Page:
Colloidal assembly is an attractive means to control material properties via hierarchy of particle composition, size, ordering, and macroscopic form. However, despite well‐established methods for assembling colloidal crystals as films and patterns on substrates, and within microscale confinements such as droplets or microwells, it has not been possible to build freeform colloidal crystal structures. Direct‐write colloidal assembly, a process combining the bottom‐up principle of colloidal self‐assembly with the versatility of direct‐write 3D printing, is introduced in the present study. By this method, centimeter‐scale, free‐standing colloidal structures are built from a variety of materials. A scaling law that governs the rate of assembly is derived; macroscale structural color is tailored via the size and crystalline ordering of polystyrene particles, and several freestanding structures are built from silica and gold particles. Owing to the diversity of colloidal building blocks and the means to control their interactions, direct‐write colloidal assembly could therefore enable novel composites, photonics, electronics, and other materials and devices.
- Award ID(s):
- NSF-PAR ID:
- Date Published:
- Journal Name:
- Cell reports physical science
- Medium: X
- Sponsoring Org:
- National Science Foundation
More Like this
Capillary assembly is a versatile method for depositing colloidal particles within templates, resulting in nano/microarrays and colloidal superstructures for optical, plasmonic, and sensory applications. Liquid particles (LPs), comprised of oligomerized 3‐(trimethoxysilyl)propyl methacrylate, are herein shown to deposit into patterned cavities via capillary assembly. In contrast to solid colloids, LPs coalesce upon solvent evaporation and assume the geometry of the template. Incorporating small molecules such as dyes followed by LP solidification generates fluorescent polymer microarrays of any geometry. The LP size is inversely proportional to the quantity of deposited material and the convexity of the final polymer array. Cavity filling can be tuned by increasing the assembly temperature. Extraction of the polymerized regions produces solidified particles with faceted shapes including square prisms, trapezoids, and ellipsoids with sizes up to 14 µm that retain the shape of the cavity in which they are initially held. LP deposition thus presents a highly controllable fabrication scheme for geometrically diverse polymer microarrays and anisotropic colloids of any conceivable polygonal shape due to space filling of the template. The extension of capillary assembly to LPs that can be doped with small molecule dyes and analytes invaluably expands the synthetic toolbox for top‐down, scalable, hierarchically engineered materials.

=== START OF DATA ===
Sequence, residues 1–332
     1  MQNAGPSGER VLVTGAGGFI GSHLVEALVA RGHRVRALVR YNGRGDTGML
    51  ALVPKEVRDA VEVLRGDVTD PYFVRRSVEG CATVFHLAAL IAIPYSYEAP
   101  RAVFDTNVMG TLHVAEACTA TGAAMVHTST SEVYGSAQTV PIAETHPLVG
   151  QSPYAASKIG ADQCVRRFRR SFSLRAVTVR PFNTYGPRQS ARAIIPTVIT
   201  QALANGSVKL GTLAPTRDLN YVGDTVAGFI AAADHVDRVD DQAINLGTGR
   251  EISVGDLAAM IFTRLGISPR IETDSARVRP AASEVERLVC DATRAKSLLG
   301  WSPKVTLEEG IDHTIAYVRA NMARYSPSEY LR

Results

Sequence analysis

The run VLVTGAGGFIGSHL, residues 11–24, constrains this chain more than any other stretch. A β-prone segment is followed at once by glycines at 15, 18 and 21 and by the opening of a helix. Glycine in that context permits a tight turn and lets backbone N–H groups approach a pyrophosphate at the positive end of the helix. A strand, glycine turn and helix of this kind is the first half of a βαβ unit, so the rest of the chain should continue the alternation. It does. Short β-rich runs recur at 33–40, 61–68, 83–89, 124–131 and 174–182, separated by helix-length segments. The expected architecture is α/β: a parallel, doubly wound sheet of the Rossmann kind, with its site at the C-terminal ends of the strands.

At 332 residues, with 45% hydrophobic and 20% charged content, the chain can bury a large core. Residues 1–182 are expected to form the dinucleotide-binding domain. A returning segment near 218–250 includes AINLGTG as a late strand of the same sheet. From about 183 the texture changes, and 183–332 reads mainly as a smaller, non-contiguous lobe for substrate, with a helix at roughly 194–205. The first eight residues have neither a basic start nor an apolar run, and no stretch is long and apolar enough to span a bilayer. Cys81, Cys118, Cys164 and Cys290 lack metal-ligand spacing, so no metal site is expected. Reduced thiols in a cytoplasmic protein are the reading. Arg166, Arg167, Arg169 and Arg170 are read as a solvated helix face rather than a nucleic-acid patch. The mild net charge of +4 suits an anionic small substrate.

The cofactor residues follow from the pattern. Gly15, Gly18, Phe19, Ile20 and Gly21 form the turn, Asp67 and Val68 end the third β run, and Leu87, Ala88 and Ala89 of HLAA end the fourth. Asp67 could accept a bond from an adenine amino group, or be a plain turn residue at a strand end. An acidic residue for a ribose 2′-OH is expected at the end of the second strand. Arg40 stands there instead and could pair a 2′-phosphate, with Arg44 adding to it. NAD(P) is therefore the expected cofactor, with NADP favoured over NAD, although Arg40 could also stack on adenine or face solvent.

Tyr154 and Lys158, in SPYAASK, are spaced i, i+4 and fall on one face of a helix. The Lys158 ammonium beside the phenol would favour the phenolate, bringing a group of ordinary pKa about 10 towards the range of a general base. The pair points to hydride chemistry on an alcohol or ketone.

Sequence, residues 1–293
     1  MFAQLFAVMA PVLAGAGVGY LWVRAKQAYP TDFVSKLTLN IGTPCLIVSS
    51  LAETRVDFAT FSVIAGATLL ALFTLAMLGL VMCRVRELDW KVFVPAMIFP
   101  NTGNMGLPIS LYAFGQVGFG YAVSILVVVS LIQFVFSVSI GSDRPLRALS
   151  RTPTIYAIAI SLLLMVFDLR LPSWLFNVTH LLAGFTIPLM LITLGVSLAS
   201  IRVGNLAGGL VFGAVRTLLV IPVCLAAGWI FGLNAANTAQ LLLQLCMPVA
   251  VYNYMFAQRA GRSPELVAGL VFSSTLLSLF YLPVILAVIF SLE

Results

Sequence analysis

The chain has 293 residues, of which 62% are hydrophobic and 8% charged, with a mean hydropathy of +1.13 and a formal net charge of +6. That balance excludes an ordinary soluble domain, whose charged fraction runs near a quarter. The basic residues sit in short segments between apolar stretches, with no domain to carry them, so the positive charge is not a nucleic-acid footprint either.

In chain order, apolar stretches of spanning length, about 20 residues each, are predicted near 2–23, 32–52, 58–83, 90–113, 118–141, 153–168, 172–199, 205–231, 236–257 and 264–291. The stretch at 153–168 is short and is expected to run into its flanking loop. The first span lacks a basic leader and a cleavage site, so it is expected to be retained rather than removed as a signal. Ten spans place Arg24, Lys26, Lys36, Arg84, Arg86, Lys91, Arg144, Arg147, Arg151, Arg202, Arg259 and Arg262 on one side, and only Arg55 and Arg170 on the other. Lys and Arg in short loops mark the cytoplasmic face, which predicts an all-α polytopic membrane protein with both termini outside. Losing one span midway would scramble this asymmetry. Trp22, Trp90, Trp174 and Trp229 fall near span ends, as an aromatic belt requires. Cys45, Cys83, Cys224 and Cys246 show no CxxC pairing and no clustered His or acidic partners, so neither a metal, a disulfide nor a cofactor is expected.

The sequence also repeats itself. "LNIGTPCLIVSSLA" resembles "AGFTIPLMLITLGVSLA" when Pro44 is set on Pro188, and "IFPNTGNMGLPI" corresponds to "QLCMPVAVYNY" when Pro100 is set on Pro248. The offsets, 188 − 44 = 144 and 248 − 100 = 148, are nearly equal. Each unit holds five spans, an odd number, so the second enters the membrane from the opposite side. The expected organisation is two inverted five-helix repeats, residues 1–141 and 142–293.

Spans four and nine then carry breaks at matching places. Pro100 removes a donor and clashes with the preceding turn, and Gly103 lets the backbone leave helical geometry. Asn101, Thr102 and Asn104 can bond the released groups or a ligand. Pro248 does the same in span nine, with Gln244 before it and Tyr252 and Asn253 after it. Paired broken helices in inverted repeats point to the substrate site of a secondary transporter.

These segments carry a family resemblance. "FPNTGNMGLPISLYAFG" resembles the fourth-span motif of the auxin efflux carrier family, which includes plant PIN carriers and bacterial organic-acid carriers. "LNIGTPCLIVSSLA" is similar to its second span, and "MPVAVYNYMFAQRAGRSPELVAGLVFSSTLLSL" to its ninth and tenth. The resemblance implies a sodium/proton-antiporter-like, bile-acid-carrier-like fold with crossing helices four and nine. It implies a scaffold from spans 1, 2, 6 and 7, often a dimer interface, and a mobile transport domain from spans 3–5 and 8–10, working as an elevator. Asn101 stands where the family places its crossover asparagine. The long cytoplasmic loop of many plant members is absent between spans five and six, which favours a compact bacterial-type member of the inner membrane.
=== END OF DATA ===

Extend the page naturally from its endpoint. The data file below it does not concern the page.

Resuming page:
Colloidal particles with mobile binding molecules constitute a powerful platform for probing the physics of self-assembly. Binding molecules are free to diffuse and rearrange on the surface, giving rise to spontaneous control over the number of droplet–droplet bonds, i.e. , valence, as a function of the concentration of binders. This type of valence control has been realized experimentally by tuning the interaction strength between DNA-coated emulsion droplets. Optimizing for valence two yields droplet polymer chains, termed ‘colloidomers’, which have recently been used to probe the physics of folding. To understand the underlying self-assembly mechanisms, here we present a coarse-grained molecular dynamics (CGMD) model to study the self-assembly of this class of systems using explicit representations of mobile binding sites . We explore how valence of assembled structures can be tuned through kinetic control in the strong binding limit. More specifically, we optimize experimental control parameters to obtain the highest yield of long linear colloidomer chains. Subsequently tuning the dynamics of binding and unbinding via a temperature-dependent model allows us to observe a heptamer chain collapse into all possible rigid structures, in good agreement with recent folding experiments. Our CGMD platform and dynamic bonding model (implemented as an open-source custom plugin to HOOMD-Blue) reveal the molecular features governing the binding patch size and valence control, and opens the study of pathways in colloidomer folding. This model can therefore guide programmable design in experiments.more » « less